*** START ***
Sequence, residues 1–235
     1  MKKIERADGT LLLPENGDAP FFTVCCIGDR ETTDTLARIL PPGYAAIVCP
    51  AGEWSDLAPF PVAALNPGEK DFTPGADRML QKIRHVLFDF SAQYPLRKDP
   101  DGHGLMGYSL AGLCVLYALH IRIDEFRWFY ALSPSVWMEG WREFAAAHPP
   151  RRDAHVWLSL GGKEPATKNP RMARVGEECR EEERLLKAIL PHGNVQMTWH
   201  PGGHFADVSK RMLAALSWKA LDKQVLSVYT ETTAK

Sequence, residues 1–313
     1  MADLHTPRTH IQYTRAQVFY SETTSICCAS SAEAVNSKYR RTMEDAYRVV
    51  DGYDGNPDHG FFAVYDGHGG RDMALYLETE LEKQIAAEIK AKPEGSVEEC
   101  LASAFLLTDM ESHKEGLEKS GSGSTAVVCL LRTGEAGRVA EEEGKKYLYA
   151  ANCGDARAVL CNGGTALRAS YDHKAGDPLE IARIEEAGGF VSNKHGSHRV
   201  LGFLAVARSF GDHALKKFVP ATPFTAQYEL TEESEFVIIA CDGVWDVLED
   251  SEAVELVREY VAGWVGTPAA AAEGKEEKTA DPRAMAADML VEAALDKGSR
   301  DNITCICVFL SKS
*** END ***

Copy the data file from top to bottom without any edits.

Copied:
Sequence, residues 1–235
     1  MKKIERADGT LLLPENGDAP FFTVCCIGDR ETTDTLARIL PPGYAAIVCP
    51  AGEWSDLAPF PVAALNPGEK DFTPGADRML QKIRHVLFDF SAQYPLRKDP
   101  DGHGLMGYSL AGLCVLYALH IRIDEFRWFY ALSPSVWMEG WREFAAAHPP
   151  RRDAHVWLSL GGKEPATKNP RMARVGEECR EEERLLKAIL PHGNVQMTWH
   201  PGGHFADVSK RMLAALSWKA LDKQVLSVYT ETTAK

Sequence, residues 1–313
     1  MADLHTPRTH IQYTRAQVFY SETTSICCAS SAEAVNSKYR RTMEDAYRVV
    51  DGYDGNPDHG FFAVYDGHGG RDMALYLETE LEKQIAAEIK AKPEGSVEEC
   101  LASAFLLTDM ESHKEGLEKS GSGSTAVVCL LRTGEAGRVA EEEGKKYLYA
   151  ANCGDARAVL CNGGTALRAS YDHKAGDPLE IARIEEAGGF VSNKHGSHRV
   201  LGFLAVARSF GDHALKKFVP ATPFTAQYEL TEESEFVIIA CDGVWDVLED
   251  SEAVELVREY VAGWVGTPAA AAEGKEEKTA DPRAMAADML VEAALDKGSR
   301  DNITCICVFL SKS